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Record spending in Wisconsin Supreme Court race still climbing

Judge Janet Protasiewicz's campaign raised more than $13 million this year through March 20. Former Supreme Court Justice Dan Kelly's campaign brought in just over $2.3 million.
Posted at 5:17 PM, Mar 30, 2023

The fight over the balance of the Wisconsin Supreme Court has led to record campaign spending that's still on the rise.

"It's staggering, I mean, we've never seen anything like it, anywhere in the country," said Bill McCoshen, a Republican campaign strategist.

According to the latest campaign finance reports, Judge Janet Protasiewicz's campaign raised more than $13 million this year through March 20. Former Supreme Court Justice Dan Kelly's campaign brought in just over $2.3 million.

But that's just direct campaign contributions.

"We're already north of $40 million and we have five days to go," said McCoshen.

McCoshen is referring to both campaign and outside dollars. He compared the spending to a gubernatorial or senate election.

According to our partners at WisPolitics, the race is nearing $45 million, almost tripling the U.S. record for a state supreme court race.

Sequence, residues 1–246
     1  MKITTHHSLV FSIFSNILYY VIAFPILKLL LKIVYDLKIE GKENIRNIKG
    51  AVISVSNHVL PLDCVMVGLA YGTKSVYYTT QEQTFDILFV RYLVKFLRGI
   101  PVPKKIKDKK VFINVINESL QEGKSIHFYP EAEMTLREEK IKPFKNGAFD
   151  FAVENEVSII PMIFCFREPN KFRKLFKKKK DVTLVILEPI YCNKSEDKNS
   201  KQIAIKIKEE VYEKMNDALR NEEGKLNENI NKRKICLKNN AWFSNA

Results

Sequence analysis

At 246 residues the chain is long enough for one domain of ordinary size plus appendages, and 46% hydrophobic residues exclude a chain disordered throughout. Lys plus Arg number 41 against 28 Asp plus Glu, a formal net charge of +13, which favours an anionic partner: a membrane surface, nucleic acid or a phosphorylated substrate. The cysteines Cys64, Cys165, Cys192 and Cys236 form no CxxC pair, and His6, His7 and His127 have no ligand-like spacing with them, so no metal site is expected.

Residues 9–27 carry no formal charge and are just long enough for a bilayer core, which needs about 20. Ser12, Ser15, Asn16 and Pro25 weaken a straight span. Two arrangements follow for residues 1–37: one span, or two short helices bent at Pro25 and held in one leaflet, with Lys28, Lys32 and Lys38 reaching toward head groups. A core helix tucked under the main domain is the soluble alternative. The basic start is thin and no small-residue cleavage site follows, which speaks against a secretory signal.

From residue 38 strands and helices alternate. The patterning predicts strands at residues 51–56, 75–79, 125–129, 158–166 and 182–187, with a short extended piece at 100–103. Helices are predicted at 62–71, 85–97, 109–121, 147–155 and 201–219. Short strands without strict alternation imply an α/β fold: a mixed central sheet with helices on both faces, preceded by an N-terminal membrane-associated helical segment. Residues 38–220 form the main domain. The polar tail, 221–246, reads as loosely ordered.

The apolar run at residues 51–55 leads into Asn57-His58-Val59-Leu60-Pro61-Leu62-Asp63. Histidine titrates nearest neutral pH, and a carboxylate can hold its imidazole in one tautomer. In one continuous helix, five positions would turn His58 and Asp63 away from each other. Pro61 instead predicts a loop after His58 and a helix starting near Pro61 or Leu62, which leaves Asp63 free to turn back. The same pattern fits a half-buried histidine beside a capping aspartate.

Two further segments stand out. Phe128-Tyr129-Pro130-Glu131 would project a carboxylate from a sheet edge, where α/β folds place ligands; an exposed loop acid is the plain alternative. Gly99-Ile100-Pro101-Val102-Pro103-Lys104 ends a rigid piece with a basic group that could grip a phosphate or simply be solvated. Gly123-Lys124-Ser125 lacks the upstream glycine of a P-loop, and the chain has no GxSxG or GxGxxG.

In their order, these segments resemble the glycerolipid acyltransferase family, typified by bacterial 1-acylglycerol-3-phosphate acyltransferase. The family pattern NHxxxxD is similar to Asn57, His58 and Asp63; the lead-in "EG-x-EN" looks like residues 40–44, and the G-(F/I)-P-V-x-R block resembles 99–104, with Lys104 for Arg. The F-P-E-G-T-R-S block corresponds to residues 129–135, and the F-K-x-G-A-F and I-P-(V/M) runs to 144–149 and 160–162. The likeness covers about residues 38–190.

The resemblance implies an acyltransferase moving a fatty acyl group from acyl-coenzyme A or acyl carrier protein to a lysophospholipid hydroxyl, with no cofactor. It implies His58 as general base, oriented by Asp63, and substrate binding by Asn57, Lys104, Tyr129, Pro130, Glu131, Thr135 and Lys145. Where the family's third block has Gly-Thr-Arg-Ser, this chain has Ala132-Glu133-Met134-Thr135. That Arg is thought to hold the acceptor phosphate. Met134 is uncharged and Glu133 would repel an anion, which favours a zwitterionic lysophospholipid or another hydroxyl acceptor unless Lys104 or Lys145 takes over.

Giannis Antetokounmpo, for comparison, will make about that much money next season.

"The voters have to ask themselves, why are all these out-of-state people so interested in a supreme court race in the state of Wisconsin," said McCoshen.

McCoshen and Democratic strategist Joe Zepecki are in agreement that the stakes are incredibly high.

"Who has control of the Supreme Court can make a big difference. When it comes to the policies that impact the lives of Wisconsinites — that's all on the line in this race," said Zepecki.

A shift from the court's conservative-leaning balance could have major implications on issues like abortion rights and state redistricting.

With money flooding in from across the country, WisPolitics said Protasiewicz and her backers have spent around $23 million, and conservatives around $19 million backing Kelly or opposing Protasiewicz.

"Here's the thing. You can complain about it [the money], you can be disgusted by it. The one thing you cannot do, is stay home and not vote about it because so much is at stake," said Zepecki.

McCoshen and Zepecki anticipate high voter turnout, with Zepecki suggesting near-record or record-high votes on April 4.


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